Touch Lab's Jeff Namnum Talks About His 3 Biggest Accomplishments

06/03/2015 09:34 am ET | Updated Jun 03, 2016


I have not spoken with Jeff for over a year so when I found out he was VP of
Sales & Marketing at Touch Lab, I had to drop him an email to congratulate him.

I am proud of Jeff. I have watched Namnum hustle since Social Media Camp Long Island. And that hustle has allowed him to become part of the Touch Lab team.

Jeff will be the first to tell you that being an entrepreneur is an amazing journey. But that journey is neither a straight line or without its failures – which tempt you to just quit.

But Jeff has been blessed with incredible advisors. He has a supportive family, the encouragement of friends and team members that keep Namnum humble.

A supportive community is a critical lifeline for the success of any entrepreneur. You come to rely on this group of advisors to help you with difficult decisions or to simply have as mentors on retainer.

It’s been a long journey from Social Media Camp Long Island. But Jeff’s persistence and clear vision have been invaluable tools on his entrepreneurial trek.

Namnum continues to use those tools to grow Touch Lab’s business 40 percent year on year and increase the company’s brand awareness, dramatically.

Simply put he is crushing it!

What are your 3 biggest accomplishments?

First is being lucky enough to get my wife to stick around for the past 20 years or so. I’m a pain in the ass, but luckily she’s really patient and extremely loving.

Second is the three kids God blessed us with. I count it as a major accomplishment that we’ve grown up with our kids, learned alongside them and continue to have a close, open, honest relationship with each of them.

Lastly, at least so far, growing our business 40 percent in our first full year of partnership & increasing our brand awareness drastically is also a pretty big deal in my life.

What motivates you to get out of bed in the morning


The first thing I say every morning, in my head or out loud, is thank you God for another day. In between talking myself into getting on the treadmill in the basement and trying not to forget anything on the way out the door, I try hard to give thanks for all the amazingness in my life.

Like breathing and walking and great opportunities.

What do you value most about your company’s culture and vision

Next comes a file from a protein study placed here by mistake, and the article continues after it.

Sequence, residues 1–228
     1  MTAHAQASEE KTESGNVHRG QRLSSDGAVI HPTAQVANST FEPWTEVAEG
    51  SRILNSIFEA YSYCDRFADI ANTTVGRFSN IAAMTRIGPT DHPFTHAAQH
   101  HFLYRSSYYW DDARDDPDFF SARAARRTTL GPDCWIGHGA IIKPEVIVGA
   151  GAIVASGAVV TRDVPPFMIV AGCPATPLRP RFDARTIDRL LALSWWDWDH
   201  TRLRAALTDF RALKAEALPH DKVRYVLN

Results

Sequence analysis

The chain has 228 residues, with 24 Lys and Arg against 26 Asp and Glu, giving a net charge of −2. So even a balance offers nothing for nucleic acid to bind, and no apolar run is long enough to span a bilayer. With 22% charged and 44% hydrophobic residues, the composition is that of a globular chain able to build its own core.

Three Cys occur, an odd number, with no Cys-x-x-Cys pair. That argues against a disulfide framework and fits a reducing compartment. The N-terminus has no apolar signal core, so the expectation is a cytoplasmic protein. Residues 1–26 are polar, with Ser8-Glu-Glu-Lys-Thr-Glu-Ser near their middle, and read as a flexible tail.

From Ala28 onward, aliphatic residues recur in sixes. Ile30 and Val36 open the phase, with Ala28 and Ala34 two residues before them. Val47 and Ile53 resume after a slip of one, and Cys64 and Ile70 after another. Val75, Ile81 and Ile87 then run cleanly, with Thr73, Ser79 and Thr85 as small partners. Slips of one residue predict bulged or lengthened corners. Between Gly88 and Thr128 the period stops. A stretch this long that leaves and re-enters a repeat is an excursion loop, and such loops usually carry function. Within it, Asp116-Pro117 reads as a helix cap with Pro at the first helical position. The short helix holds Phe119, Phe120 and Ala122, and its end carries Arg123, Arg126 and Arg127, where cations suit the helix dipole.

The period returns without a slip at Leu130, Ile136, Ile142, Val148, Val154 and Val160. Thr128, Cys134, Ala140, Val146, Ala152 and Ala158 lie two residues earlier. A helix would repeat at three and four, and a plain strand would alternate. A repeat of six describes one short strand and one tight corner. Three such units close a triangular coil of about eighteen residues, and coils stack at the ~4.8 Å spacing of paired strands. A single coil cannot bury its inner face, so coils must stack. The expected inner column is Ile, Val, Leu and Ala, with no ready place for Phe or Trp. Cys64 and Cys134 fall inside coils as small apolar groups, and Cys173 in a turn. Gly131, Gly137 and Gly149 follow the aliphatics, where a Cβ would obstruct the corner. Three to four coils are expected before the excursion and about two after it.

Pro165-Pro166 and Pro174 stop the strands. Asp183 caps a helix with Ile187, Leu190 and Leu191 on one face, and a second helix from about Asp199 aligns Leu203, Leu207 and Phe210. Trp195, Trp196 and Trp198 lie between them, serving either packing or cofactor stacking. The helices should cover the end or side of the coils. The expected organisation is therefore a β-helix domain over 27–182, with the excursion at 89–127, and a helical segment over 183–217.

Take a bunch of remarkably talented professionals in the prime of their career, add in a ton of irreverent jokes (with just a bit of sarcasm) and toss in the animated gif / film clip / meme of the day and you may get a fair idea of what our crew is like.

What I really love is that in the midst of all of this is an undercurrent of respect. Respect for talent & work of course, but more importantly just a basic respect for each other as human beings.

I joined this team as a marketing guy in the middle of a bunch of amazing Android engineers.

No one gave me crap for being the muggle; everyone was encouraging and eager for my success. We’ve had the occasional bad seed come through but they never last long.

I love working somewhere where the baseline for success isn’t just talent & hard work but also respect for your teammates.

How long are you willing to fail at this job before you succeed

I gave this one some thought but I really don’t know. For better or worse, it’s not something I think about much.

I have the chance to grow the IDEO of Android with an amazing team; I just plan on continuing until we’re done.

Discuss a specific accomplishment of yours in a previous position that indicates you will thrive in this position

It’s funny but it’s not a job or business that comes to mind at all. What comes to mind is Social Media Camp Long Island. It was a 400+ person unconference in 2010 about Social Media that attracted some amazing and wonderful professionals and amateurs.

That event would have been impossible without the team of incredible people who came together as the organizing committee. These were very successful people who committed to meet at crazy hours for a ridiculous amount of time and put in more then their fair share of work.

In the end, my job was to identify their talents, skills and connections and ask them to use them in a directed way. I was the coordinator of talent, nothing more, even though I got a lot of credit for SMCampLI.

For Touch Lab to truly become what we envision, I have to be a coordinator of remarkable talents

Tell me about the time you realized you had the power to do something meaningful

7 or 8 years ago, I got the chance to volunteer with a teen group at my church. Eventually I got the opportunity to run it with a great partner.

During that time (I no longer volunteer there as of a year ago) I had amazing young people share things with me, experiences terrible and wonderful, that blew my mind.

Some that they’d never shared with anyone.

Those young people taught me that if I can shut up and listen and if I can avoid judging, then I can effect real change where it matters most: on the level of the human heart & soul.

Question: Being an entrepreneur has very little to do with running a business. It’s more of a mindset; an understanding that with each problem encountered is an opportunity to adjust and overcome. What recent issue have you encountered and how did you resolved, it?

Interview Links
* Touch Lab

What is the best small business resource you have used
* Google Sheets

What is the best business book you have read
* Seven Habits of Highly Effective People

Original Post: